Abbey Cwm Hir (Abaty’r Cwm Hir) - The Abbey in the Long Valley. Here, in 1143 the building of an Abbey commenced which had it been completed, would have been the largest in Wales and where the headless remains of Llewelyn ap Gruffydd (Llewelyn ap Gruffudd) the last of the Welsh Princes, are reputed to have been buried. The abbey ruins can still be seen and nearby the Hall at Abbeycwmhir has been splendidly restored, decorated and furnished and is a visitor attraction open by appointment and well worth a visit.
Abbeycwmhir, a village situated in the centre of Wales amongst the Cambrian mountains in the old county of Radnorshire steeped in history and natural beauty,virtually undiscovered by the modern world.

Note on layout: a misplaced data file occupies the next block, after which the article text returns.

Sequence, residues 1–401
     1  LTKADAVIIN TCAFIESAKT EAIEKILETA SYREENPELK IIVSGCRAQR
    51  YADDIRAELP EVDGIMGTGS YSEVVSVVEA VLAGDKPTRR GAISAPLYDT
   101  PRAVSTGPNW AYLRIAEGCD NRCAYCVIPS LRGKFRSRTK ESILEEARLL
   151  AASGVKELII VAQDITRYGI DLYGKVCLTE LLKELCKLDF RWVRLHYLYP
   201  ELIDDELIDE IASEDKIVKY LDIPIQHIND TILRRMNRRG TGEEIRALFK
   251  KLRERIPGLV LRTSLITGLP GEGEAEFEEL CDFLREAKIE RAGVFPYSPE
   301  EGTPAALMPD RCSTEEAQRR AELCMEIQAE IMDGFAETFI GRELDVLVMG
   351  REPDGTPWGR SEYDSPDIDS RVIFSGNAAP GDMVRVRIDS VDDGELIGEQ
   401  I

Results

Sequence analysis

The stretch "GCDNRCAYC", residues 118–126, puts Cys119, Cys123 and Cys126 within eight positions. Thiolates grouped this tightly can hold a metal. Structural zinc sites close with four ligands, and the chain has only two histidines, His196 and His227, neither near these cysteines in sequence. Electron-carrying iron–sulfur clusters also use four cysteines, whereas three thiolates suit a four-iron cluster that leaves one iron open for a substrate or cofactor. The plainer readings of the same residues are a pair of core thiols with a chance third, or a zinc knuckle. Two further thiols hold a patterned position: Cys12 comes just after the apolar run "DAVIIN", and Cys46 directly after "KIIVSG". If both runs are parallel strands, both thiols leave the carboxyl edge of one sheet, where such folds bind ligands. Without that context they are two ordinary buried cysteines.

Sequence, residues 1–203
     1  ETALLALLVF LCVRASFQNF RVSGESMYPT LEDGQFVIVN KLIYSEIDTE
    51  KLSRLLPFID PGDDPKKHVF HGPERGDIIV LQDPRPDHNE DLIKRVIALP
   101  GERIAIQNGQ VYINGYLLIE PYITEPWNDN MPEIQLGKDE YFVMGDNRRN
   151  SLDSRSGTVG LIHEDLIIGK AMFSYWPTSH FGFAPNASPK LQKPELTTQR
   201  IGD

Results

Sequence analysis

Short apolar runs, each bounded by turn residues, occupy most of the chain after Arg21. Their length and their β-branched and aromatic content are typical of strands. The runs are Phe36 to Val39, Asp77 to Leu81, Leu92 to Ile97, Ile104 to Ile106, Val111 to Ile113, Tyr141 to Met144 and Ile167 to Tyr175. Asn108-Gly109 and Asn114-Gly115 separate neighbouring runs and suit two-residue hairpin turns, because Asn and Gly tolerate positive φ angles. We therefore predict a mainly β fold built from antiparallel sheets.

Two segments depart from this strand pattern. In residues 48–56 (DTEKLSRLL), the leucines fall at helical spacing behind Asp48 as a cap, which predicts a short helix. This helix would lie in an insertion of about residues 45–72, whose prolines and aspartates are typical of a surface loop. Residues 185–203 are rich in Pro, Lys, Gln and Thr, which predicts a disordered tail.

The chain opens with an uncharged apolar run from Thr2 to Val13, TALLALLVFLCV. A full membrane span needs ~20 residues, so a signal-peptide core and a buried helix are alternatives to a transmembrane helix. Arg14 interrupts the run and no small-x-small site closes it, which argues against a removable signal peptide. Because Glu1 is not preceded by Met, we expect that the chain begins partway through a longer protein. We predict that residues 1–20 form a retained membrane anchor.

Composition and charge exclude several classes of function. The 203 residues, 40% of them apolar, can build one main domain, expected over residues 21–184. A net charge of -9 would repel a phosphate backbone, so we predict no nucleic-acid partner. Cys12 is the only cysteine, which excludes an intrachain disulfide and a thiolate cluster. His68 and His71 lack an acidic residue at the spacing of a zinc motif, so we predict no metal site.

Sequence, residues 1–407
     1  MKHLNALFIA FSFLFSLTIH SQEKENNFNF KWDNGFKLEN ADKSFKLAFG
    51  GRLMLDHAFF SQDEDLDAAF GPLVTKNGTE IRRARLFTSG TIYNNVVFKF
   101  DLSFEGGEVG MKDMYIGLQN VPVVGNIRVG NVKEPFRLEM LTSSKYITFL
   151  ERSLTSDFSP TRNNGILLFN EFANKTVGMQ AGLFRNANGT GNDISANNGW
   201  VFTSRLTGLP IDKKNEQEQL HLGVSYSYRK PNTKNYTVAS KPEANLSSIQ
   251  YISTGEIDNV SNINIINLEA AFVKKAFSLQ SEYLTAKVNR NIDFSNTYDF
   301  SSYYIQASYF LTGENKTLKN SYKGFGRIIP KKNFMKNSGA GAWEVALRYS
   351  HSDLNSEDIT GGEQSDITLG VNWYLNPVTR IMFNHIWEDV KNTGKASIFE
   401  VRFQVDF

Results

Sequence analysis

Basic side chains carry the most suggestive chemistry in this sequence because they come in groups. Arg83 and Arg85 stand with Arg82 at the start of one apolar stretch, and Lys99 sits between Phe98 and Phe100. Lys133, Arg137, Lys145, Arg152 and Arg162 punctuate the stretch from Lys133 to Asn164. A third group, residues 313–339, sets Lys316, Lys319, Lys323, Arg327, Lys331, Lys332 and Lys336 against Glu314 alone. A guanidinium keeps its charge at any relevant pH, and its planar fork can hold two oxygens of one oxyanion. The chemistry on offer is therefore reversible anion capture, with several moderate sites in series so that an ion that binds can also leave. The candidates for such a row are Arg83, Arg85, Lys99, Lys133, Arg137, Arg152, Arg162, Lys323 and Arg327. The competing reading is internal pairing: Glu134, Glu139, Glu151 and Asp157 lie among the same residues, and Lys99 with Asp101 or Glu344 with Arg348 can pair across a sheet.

The name Abbeycwmhir derives from the Cistercian monastery built here in 1143 and translates as Abbey in the long (hir) valley (cwm). Abbeycwmhir is also the burial place of the last native Prince of Wales "Llewellyn the Last".His head was taken to London and his body buried here,there is a memorial stone for him in the ruins of the old Abbey. The village sits in the base of the valley close to the Clewedog brook and is surrounded by hills.Glyndwrs Way national walking trail and cycle route 25 pass through the village making it an ideal location for these activities. Hanging oak forests, rocky outcrops and unpolluted farmland make this the best place in the country to watch rarities such as red kites, peregrines, pied flycatchers and redstart,daily feeding can be seen at the UK's leading Red Kite Centre, Gigrin Farm just six miles away. Over 150 kites gather for the daily afternoon feeding sessions at Gigrin Kite Centre, not to mention scores of buzzards and ravens.